Baker to serve 20 years for infant death


A woman accused of causing the death of her newborn child appeared before Circuit Judge Wendy Wexler Horn on Friday for sentencing.

Roberta Baker, 38, currently incarcerated at Vandalia Correctional Center, was sentenced to 20 years in the Missouri Department of Corrections.  

Baker, who was tried by bench trial on May 13 at the St. Francois County Courthouse for the February 2018 death of her son, was found guilty of Class B Felony abuse or neglect resulting in death on May 16.

Baker had initially been charged and tried for Class A Felony abuse or neglect of a child resulting in death.

Judge Horn told Baker that when she had heard the testimony and heard evidence, she had no doubt that Baker was guilty of a terrible crime, but her delay had come from not knowing exactly which crime it was. Judge Horn continued to say that under the elements of law, she did not believe she could find Baker guilty of the Class A Felony, but instead she believed Baker was guilty of Class B Felony abuse or neglect of a child resulting in death.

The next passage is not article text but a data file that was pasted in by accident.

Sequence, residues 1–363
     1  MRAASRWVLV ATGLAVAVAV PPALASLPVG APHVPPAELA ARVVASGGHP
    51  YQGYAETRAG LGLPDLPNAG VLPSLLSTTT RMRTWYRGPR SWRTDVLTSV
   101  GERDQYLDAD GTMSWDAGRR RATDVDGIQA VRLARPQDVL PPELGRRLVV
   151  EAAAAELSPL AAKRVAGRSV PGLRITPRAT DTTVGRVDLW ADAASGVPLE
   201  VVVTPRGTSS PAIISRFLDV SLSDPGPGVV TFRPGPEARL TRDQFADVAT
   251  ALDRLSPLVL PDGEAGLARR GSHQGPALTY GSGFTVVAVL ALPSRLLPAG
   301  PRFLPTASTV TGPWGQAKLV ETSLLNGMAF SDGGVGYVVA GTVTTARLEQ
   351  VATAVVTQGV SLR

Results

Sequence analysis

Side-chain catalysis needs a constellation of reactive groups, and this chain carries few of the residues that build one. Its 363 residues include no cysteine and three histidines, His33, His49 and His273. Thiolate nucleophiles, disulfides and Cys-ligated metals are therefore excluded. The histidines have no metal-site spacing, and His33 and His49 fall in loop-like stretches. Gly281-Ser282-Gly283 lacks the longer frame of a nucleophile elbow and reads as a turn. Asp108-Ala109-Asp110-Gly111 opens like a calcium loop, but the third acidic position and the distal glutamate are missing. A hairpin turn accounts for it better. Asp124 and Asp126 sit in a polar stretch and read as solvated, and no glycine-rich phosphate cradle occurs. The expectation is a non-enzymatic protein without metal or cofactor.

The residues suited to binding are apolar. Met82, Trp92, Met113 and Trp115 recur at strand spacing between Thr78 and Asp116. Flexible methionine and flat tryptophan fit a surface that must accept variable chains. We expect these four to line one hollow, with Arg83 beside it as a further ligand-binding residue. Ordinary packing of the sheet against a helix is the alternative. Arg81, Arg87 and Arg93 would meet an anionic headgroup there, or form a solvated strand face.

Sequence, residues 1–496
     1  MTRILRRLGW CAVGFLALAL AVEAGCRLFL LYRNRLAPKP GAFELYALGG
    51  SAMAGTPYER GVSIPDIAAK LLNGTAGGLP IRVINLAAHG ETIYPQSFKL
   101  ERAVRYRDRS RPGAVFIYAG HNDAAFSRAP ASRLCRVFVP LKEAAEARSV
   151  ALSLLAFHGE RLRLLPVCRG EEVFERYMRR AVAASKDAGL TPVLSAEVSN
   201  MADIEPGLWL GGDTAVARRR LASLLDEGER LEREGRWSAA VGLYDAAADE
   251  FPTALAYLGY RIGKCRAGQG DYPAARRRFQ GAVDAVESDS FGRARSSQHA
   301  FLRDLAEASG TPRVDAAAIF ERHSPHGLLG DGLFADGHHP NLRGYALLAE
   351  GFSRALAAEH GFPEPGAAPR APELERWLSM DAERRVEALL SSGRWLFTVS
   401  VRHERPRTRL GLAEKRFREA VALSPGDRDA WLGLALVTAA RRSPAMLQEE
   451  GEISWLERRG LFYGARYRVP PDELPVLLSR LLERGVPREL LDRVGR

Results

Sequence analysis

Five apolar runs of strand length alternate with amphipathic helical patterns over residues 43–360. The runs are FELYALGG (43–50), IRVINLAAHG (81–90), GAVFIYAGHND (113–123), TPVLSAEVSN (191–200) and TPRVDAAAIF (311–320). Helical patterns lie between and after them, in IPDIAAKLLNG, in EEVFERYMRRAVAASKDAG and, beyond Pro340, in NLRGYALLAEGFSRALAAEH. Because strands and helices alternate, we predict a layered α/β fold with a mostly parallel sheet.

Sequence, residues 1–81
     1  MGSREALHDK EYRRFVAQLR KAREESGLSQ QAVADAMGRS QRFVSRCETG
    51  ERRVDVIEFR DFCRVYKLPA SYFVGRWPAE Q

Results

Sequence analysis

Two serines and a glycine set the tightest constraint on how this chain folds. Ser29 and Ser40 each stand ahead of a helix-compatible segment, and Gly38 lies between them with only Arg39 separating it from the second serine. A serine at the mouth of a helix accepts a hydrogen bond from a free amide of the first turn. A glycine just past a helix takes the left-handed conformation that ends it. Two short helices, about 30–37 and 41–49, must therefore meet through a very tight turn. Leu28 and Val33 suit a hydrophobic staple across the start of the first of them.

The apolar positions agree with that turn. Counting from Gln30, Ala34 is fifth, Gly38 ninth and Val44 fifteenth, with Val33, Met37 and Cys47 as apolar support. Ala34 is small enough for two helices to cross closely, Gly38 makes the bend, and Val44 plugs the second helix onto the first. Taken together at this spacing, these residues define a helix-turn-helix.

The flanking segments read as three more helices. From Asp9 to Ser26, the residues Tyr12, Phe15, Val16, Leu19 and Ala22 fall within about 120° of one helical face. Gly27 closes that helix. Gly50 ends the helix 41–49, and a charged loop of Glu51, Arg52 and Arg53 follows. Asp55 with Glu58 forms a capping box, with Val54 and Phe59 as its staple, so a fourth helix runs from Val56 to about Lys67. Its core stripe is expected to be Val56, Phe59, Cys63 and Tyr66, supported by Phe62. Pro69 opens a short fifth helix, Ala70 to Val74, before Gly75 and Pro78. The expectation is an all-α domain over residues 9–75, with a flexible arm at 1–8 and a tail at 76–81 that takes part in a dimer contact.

“I relied heavily on the medical evidence in reaching my verdict in this case,” said Judge Horn on the day of the verdict rendering. “I don’t feel that the medical evidence was enough to rise to the level of Class A Felony, but definitely is enough for the Class B Felony.”

Horn advised Baker that because she is a prior and persistent offender, she will still face the same range of punishment for the Class B Felony as she would have for the Class B, 10 to 30 years to life in the Missouri Department of Corrections.

Baker was arrested for the death of her son, Elijah, on Feb. 23, 2018. Baker gave birth to her son at home and initially told investigators that she had given birth just a few hours prior to the 911 call of infant in full arrest.

In a second interview, Baker then confessed that she had given birth to the child in the early morning hour of Feb. 22 and that she had no gone to the hospital or requested help because she had active arrest warrants and didn’t want to return to prison.

It was determined during the trial, based on Baker’s testimony that had known she was pregnant. It was also argued by the prosecution that she had also known the baby was premature. In addition, Baker had admitted to using meth during her pregnancy and the toxicology report on the infant child revealed meth in his system.

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Matt McFarland is a reporter for the Daily Journal. He can be reached at 573-518-3616.


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